Within the first couple weeks of May, my partner had used searched YouTube for videos containing relevant information about the proper technique required to effectively use a meter dose inhaler. She used search terms like: asthma inhaler use, asthma inhaler, metered dose inhaler how to use, and metered dose inhaler technique. Duplicate videos, non-English videos, videos about animal inhalers, and videos about inhalers other than MDIs were excluded at this point. Furthermore, based on the assumption that most YouTube users stay within the first two pages of search terms, only the videos from these pages were evaluated. My partner then recorded pertinent information like user name, comments, and likes/dislikes in a excel spreadsheet. When all that was completed, there were 88 total unique videos based off those search terms. Throughout June and July, my partner and I independently assessed each of those videos based on video and audio quality as well as if the video adhered to established meter dose inhaler usage guidelines.
Although all of our results are not confirmed at this time, my partner and I both realized beginning in August that many of the videos would not be suitable for instruction on how to use a metered dose inhaler. While a good portion of the videos had perfect adherence to the established guidelines, an even larger portion either had poor video/audio quality or did not adhere to the guidelines. These findings show that YouTube is helping fuel the research that many doses of the inhaler are wasted to due to improper technique. As a result, of the billions of dollars that are spent on inhalers annually, much of that money is being wasted as well.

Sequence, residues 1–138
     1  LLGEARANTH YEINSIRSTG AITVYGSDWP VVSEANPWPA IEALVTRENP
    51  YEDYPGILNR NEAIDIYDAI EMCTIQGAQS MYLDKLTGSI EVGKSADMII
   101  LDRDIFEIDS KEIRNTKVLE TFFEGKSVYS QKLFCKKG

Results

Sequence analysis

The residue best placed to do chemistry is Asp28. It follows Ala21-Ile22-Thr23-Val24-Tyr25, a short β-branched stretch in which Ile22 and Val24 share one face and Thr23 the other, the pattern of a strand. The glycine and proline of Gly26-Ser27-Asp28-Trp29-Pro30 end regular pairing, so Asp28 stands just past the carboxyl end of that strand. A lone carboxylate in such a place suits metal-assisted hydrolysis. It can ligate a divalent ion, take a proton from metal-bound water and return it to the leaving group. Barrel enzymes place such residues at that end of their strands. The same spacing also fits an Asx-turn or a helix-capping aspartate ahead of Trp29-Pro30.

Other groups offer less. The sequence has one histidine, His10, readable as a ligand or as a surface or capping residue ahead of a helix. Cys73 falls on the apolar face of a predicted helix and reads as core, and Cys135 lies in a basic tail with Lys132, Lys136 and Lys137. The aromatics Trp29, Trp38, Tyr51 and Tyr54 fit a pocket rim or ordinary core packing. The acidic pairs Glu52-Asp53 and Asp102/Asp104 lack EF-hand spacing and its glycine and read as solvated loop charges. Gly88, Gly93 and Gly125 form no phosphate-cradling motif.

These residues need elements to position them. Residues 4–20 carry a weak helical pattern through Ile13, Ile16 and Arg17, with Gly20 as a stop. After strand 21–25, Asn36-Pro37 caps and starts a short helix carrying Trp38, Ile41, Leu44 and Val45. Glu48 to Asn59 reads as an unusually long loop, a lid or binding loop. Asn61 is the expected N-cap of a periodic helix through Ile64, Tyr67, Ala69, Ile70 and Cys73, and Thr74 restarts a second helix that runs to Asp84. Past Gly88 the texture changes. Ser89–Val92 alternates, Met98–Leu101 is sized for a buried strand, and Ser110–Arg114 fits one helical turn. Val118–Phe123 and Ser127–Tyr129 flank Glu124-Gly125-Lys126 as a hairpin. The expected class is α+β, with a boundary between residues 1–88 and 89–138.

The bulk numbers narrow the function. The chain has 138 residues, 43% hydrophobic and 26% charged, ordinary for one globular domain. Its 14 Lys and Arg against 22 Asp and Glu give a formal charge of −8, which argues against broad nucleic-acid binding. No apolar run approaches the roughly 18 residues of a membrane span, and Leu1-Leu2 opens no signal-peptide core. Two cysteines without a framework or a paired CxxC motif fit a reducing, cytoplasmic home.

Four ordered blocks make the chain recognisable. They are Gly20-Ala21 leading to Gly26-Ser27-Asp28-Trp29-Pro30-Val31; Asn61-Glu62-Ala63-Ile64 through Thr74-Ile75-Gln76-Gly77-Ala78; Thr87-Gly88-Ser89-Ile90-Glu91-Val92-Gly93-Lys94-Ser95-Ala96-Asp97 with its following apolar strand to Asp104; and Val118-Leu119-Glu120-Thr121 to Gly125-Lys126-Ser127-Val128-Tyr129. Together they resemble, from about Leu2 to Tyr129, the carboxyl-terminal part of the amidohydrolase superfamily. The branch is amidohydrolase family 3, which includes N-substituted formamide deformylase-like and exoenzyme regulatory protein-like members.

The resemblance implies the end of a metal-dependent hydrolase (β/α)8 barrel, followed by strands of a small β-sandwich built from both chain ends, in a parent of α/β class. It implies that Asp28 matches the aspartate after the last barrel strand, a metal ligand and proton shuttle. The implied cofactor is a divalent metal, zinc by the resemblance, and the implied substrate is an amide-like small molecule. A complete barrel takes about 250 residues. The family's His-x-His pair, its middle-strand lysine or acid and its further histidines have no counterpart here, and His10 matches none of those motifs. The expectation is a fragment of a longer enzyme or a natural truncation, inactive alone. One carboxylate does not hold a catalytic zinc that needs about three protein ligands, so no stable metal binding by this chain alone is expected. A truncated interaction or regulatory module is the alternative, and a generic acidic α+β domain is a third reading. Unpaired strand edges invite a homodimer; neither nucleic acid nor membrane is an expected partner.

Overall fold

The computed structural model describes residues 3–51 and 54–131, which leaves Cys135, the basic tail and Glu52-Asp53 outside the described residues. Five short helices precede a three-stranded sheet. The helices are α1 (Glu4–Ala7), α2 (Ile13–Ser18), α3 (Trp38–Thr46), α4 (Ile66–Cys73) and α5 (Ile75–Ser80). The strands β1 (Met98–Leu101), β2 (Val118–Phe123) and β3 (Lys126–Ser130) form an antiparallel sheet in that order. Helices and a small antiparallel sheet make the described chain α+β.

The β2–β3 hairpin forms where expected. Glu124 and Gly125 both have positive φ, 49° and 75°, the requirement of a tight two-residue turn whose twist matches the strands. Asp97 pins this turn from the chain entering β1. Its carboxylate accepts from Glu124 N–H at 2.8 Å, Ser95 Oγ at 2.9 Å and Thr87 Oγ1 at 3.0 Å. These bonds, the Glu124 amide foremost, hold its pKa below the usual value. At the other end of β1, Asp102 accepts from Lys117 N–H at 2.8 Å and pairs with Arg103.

SO WHAT? –
Overall, I feel like my actual STEP project went much more smoothly than the program itself. I realize that the program was in its first year, but there were many kinks that could have been avoided. Furthermore, I feel like there was some very pertinent information that was not communicated clearly to the STEP participants from the very beginning like it should have been. For example, it was not communicated that STEP participants choosing the undergraduate research option had to have both an advisor and a project at the time of the proposal in order to be distributed the funds and complete the program. This is just one of the many examples where STEP worked out the details of the program as they went along, and unfortunately that tactic usually ended up being at the students’ expense. I think the premise of STEP is solid, but the details need to be changed in order to make the program less about the money.